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International Politics

, Volume 48, Issue 4–5, pp 591–606 | Cite as

Ideas, discourse, power and the end of the cold war: 20 years on

  • Thomas Risse
Original Article

Abstract

Reagan's rhetoric and actions in the arms race triggered considerable opposition, which was necessary to establish a counter-discourse in particular through the peace movements in the West, which then impacted upon the discussions in Moscow. It enabled Gorbachev to overcome his considerable domestic opposition and to make the necessary concessions, which started to bring the cold war to an end. In this sense, the peace movements won the cold war, too. The end of the cold war was as much a discursive struggle over ideas about international order and the right mix of deterrence and détente as the East–West conflict itself. It is a matter of good fortune that the cold war had a relatively happy ending and that Europe was reunited. Claiming victory for one side or the other seems to be beside the point, even 20 years later.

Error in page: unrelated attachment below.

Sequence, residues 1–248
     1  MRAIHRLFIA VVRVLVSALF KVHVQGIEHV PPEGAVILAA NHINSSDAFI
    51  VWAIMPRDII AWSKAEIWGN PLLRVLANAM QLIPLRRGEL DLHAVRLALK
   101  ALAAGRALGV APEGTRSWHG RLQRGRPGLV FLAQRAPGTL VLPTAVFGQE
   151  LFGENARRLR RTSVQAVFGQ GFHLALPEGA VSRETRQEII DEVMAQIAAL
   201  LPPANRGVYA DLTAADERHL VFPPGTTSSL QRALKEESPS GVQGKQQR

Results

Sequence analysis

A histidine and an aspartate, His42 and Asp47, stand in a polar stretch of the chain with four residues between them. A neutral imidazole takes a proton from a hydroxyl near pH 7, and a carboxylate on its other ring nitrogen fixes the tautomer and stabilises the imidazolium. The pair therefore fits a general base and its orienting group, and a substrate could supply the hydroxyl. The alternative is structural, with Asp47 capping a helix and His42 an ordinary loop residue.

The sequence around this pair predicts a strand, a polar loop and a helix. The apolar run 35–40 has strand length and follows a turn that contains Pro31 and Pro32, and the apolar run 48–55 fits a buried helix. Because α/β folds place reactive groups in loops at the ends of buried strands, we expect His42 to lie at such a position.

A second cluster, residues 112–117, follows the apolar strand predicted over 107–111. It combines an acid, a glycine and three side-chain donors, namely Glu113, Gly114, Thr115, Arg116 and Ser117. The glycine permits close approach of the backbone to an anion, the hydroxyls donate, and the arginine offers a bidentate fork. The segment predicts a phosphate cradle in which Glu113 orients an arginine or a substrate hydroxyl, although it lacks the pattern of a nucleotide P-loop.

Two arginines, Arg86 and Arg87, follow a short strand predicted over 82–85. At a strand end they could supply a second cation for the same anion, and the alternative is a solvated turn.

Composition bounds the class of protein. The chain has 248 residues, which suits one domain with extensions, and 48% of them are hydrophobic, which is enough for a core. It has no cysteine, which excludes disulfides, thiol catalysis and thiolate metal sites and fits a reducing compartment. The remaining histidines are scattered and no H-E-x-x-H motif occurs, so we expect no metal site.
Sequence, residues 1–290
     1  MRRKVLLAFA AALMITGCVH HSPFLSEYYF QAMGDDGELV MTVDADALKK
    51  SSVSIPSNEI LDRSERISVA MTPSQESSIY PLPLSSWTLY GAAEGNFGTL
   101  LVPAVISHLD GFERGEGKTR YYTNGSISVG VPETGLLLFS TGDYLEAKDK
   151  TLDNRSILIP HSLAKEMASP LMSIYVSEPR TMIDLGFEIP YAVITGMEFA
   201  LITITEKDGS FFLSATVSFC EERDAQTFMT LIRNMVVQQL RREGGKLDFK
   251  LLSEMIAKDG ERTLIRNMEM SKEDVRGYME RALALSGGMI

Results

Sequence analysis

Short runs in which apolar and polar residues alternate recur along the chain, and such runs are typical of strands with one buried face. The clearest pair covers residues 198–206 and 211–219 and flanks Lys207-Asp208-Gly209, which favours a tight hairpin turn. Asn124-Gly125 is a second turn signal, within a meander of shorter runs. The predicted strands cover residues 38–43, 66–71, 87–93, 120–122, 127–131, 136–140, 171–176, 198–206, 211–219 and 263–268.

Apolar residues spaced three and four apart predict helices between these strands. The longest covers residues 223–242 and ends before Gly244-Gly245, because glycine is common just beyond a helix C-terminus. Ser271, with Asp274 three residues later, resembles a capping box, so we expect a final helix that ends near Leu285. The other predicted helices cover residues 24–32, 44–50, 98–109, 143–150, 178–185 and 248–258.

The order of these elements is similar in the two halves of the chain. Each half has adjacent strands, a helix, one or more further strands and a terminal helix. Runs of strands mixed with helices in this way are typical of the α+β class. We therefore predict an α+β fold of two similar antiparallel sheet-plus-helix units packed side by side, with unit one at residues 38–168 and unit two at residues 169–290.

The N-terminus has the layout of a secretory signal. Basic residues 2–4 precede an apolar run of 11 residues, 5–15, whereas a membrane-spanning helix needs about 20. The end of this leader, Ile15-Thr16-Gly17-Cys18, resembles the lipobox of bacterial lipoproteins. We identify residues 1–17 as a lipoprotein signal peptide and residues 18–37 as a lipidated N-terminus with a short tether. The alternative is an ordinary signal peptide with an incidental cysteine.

Keywords

peace movements Gorbachev Reagan arms race German reunification 

Notes

Acknowledgements

The author thanks the participants of the Princeton workshop in March 2010 for their critical comments, in particular Michael Cox, Daniel Deudney and G. John Ikenberry.

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Copyright information

© Palgrave Macmillan, a division of Macmillan Publishers Ltd 2011

Authors and Affiliations

  • Thomas Risse
    • 1
  1. 1.Center for Transnational Relations, Foreign and Security Policy, Otto Suhr Institute for Political Science, Freie Universität BerlinBerlinGermany

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